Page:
Fewer Danish parents getting married

Christian Wenande
April 10th, 2018

This article is more than 6 years old.

Experts blame increasing selfishness in the big cities, while an economist warns it is risky if the couple don’t have wills

You know the Queen of Hearts is always your best bet (photo: Pixabay)

Loving one another, living together and having children together doesn’t necessarily equate to getting married – especially in Denmark.

According to new figures from the national statistics keeper Danmarks Statistik, there are fewer families with children in which the parents are married than ever before.

The trend is particularly prevalent in the municipalities of Copenhagen, Frederiksberg and Lolland, where under 70 percent are married – and the trend in the heart of the nation’s capital is no coincidence, according to family researcher Per Schultz Jørgensen.

“We are increasingly becoming more selfish and so we are less inclined to tie ourselves down for a long period of time,” Jørgensen told DR Nyheder.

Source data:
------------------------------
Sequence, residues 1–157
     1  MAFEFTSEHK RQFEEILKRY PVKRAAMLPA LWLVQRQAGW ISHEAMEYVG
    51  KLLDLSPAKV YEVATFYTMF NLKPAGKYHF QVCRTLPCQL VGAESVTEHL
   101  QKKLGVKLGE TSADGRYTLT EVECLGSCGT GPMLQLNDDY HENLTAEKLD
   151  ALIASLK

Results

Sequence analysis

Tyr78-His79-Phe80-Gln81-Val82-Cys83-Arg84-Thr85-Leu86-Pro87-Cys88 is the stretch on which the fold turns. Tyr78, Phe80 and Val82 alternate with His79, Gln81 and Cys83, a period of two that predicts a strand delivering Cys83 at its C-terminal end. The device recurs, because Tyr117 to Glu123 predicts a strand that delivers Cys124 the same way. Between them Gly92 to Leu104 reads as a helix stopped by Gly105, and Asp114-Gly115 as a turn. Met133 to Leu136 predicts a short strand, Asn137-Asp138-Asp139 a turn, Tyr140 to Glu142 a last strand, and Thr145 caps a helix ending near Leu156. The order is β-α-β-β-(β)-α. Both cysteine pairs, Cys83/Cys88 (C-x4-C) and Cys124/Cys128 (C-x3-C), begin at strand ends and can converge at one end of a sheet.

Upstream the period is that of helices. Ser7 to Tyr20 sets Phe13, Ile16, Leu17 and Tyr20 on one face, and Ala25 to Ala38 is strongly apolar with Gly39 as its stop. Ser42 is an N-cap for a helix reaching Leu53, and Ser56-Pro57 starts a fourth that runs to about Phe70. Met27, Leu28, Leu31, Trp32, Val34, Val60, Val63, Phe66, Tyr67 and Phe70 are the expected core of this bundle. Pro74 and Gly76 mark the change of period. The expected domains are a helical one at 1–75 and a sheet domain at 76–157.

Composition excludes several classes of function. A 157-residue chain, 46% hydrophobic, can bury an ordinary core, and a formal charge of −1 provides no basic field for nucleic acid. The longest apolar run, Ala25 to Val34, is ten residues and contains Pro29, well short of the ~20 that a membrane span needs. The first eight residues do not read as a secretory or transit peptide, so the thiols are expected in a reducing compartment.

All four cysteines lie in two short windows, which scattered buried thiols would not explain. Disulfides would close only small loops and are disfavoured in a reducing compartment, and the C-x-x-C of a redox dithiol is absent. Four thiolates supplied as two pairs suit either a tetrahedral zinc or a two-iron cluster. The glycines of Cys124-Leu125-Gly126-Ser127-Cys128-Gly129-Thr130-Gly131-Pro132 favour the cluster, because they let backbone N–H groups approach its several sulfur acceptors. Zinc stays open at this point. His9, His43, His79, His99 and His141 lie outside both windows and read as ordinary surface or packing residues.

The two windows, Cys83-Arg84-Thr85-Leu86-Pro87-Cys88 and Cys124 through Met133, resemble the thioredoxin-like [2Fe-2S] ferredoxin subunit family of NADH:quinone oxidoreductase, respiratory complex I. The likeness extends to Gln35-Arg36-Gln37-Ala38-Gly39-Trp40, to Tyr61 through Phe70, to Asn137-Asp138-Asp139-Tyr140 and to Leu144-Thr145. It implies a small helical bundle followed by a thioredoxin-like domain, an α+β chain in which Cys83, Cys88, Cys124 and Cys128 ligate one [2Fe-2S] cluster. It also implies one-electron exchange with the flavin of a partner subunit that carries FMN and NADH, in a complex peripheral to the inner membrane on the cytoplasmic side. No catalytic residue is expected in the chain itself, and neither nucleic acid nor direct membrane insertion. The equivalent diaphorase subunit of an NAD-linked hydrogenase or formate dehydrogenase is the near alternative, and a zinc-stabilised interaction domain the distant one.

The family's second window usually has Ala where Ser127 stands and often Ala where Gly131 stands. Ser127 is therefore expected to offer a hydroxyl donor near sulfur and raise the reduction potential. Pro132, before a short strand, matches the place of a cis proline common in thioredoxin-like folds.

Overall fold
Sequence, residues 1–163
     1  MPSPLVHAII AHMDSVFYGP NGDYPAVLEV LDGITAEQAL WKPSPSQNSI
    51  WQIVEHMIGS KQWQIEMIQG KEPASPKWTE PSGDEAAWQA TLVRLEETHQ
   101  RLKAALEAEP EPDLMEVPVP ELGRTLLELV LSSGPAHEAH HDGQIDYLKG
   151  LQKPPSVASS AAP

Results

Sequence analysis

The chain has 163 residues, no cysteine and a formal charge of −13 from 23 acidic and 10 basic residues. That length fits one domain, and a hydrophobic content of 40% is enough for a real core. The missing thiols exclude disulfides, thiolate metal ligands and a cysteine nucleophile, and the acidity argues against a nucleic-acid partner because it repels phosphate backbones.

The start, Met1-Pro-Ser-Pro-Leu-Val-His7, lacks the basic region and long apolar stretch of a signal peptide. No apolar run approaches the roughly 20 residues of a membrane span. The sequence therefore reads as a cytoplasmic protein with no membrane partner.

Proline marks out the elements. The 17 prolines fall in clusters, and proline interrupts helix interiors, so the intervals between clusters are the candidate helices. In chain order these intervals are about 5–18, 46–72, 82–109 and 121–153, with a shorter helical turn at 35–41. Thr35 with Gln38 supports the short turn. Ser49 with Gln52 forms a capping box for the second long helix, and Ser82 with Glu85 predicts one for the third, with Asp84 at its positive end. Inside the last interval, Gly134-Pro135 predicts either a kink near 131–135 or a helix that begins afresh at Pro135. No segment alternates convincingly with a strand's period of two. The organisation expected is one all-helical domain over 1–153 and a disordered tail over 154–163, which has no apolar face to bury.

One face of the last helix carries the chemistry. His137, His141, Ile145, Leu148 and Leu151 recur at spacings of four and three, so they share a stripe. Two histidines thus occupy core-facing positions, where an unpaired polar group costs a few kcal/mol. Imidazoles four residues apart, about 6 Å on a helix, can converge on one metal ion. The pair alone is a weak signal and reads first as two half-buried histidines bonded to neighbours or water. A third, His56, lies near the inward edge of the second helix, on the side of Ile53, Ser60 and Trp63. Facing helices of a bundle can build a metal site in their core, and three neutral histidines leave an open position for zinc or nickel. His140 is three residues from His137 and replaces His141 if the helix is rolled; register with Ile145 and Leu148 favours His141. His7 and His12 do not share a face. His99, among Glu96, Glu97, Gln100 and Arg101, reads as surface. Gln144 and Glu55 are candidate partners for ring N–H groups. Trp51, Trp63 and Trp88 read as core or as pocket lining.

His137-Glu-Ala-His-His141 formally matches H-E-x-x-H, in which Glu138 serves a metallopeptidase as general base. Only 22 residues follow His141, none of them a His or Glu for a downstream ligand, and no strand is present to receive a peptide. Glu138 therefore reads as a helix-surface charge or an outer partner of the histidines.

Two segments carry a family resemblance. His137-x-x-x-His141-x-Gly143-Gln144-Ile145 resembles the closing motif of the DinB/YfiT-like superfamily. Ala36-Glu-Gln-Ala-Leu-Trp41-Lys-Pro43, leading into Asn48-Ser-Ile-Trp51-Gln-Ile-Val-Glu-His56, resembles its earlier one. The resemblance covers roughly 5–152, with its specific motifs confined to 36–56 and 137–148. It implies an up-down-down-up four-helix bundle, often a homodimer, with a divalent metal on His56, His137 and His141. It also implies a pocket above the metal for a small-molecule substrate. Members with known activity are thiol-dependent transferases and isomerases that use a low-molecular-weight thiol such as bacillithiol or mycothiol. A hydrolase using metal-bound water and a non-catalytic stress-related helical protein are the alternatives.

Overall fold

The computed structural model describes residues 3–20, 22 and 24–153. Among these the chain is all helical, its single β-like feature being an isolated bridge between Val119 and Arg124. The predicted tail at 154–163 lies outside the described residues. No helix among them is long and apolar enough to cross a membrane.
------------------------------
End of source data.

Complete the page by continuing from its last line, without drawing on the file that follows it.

“It’s more widespread in the bigger cities, so it’s also here we see more of the loose short-term relationships.”

READ MORE: More Danes marrying Thais, figures show

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In contrast, Allerød and Furesø are among the top-ranking municipalities for families with children in which the parents are married, where the ratio is up to 84-86 percent.

Ann Lehmann Erichsen, a consumer economist at Nordea bank, contended that while there was no issue regarding living together outside the boundaries of wedlock, there are some things people should be aware of.

“If you look at it from an economic perspective, you need to think hard about it, because the problem is that a lot of couples are not aware of the differences between being married and living together out of marriage,” Erichsen told DR Nyheder.

“Should one of them suddenly die and a will hasn’t been established, then you don’t inherit from one another. The kids will inherit everything, and if they are small, the money will be placed in a trust.”


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